Science is the logical, systematic hypotheses of facts and principals playing specific functions to enhance the quality of our society and daily lives, and addresses global social needs. Until the late 19th century, scientists were still referred to as ‘natural philosophers’ or ‘men of science’.
Over the centuries, gigantic steps have been made in the field of Biology, Mathematics, Quantum Theory, Medicine, Electrochemistry, Astrology, Oceanography, Computers, Travel, Satellites, Plastic Surgery, Cell Phones, to name just a few. And, the 21st century, sees advanced research in Artificial Intelligence, Virtual Intelligence and humanoid robots.
Among the scientists who figured in Stanford University's global rankings for the year 2021 is Dr Michael Sony, who has a PhD in Management Studies and ME in Industrial Engineering. He also happens to be from Goa.
FROM GOA TO NAMIBIA
Dr Michael Sony, from Ribandar, was born in Goa and did his schooling in a local school, Sarvajanik High School, Carambolim, North Goa. Later, he completed his ME in Industrial Engineering (Goa University, 2009), and that was followed by a PhD in Management Studies (2016), after which he worked as a Junior Engineer in the Electricity Department in Goa for 18 years.
In 2017, he got an opportunity to work as a researcher and faculty in Industrial Engineering (Department of Mechanical and Marine Engineering) at Namibia University of Science and Technology (NUST), Windhoek, Namibia.
“The motivation to come (to Namibia) was on a personal front. I stammered, and teaching was always a challenge I wanted to overcome. When I got an opportunity at NUST (ranked 27th in Africa), to do a full-time research program, with funding available to carry out research on Industry 4.0 (a field with few people working in that area, and which was just taking off in 2017), was a huge dose of motivation to give wings to my dream.”
Supported by the Dean and HoD at NUST, he could carry out his first research in the field, designing architecture for the implementation of Industry 4.0. After studying for two years, he wrote his first research paper on how Industry 4.0 can be assessed by organizations and how it should be implemented as a socio-technical system, and how Indian manufacturing industries and developing countries can harness its potential.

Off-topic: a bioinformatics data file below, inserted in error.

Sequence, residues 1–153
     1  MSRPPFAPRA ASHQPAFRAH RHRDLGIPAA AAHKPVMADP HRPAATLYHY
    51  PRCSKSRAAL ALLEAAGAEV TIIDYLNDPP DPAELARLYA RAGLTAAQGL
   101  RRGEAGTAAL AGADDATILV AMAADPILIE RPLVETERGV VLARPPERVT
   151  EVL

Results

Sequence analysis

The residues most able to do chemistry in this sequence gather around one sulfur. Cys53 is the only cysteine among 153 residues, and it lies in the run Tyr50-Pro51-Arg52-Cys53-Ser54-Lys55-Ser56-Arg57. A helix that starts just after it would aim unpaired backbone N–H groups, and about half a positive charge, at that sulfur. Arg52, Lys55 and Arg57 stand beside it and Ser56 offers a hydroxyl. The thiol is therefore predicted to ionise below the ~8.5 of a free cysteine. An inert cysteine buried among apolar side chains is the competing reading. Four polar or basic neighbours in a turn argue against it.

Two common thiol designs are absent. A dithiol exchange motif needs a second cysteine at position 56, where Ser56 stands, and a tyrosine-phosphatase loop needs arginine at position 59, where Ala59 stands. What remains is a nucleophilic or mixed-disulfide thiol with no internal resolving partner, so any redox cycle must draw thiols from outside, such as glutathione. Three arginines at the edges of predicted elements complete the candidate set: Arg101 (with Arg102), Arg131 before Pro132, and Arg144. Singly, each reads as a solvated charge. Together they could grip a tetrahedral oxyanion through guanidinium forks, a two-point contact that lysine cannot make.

As a Senior Lecturer/Program Director for PDM Digital Business, Wits Business School, South Africa, Dr Sony has been featured among the 2% highly cited scientists in the Stanford University Ranking (for the year 2021) for his research, and the impact on the academic community. The citation is an important metric in research as it counts the number of times a fellow researcher in the same research area cites their work.
“My research was well cited and there were other criteria that the agencies used in order to include me in the list. Industry 4.0 marks not only a technical phenomenon, but also a new socio-technical paradigm and has expanded its domain from theoretical concepts to real-world applications. However, it’s still not clear how to incorporate Industry 4.0 technologies in various organisations and sectors to gain a competitive advantage,” says he.
The World Economic Forum report states that only a few organisations have gone past the pilot purgatory phase in the implementation, which goes beyond just digitising certain operations. It calls for dynamic digital integration of the organisation within the value chains or supplier networks, conceptualising integration across stages of the product life cycle, leading to new business models, for product servitization.
“I always stress that Industry 4.0 will help in right-sizing the organisation. In my research, I’ve looked at it from a socio-technical system’s perspective. Once you look at the holistic implementation, the failure rate gets minimised. I have developed a framework architecture to implement the same. However, not all technologies will help an organisation equally; thus we work on creating models of acceptance for organisations, but there is still a lot of research to be done in this area,” adds Sony.
He has published 80 international research papers in the field of Industry 4.0, Quality 4.0, Production and Operations Management, Lean, Six Sigma and Operational excellence.
ADVICE TO YOUTH
“There are many advantages, for the youth, in being a scientist. Academically, one needs to have a PhD or master’s degree with research experience. It’s intellectually stimulating and a cognitively engaging element of satisfaction. You set your own targets, daily challenges and self-motivation to reach the targets, attaining a sense of satisfaction in the continuous learning experience. The results are exceptionally interesting, interpretation is more fun. Having a good research network helps.
The disadvantages are long physically demanding hours, missing out on social life and lack of clarity. Also, at times, software or instruments are needed for collaboration works; but many agencies fund good proposals,” he explains.
Would Dr Sony consider returning to work in Goa or India? “I have collaborated with researchers around the world, on all six continents including Indian researchers. Coming to Goa is a great experience. I feel blissful when the plane touches down, but, return with a heavy heart. My dream is, when I’m old, to live in Ribandar, sit on the culvert in Sao Pedro and fish! My present 100-year-old institution ranks among the top 400 in the world in Qs Quant (Nelson Mandela studied here). Besides, it’s like a second home, I’ve got colleagues who are there for me through thick and thin, and the freedom to do research and teach in the area I choose, which gives utmost satisfaction!” he concludes.
Dr Sony’s research publications: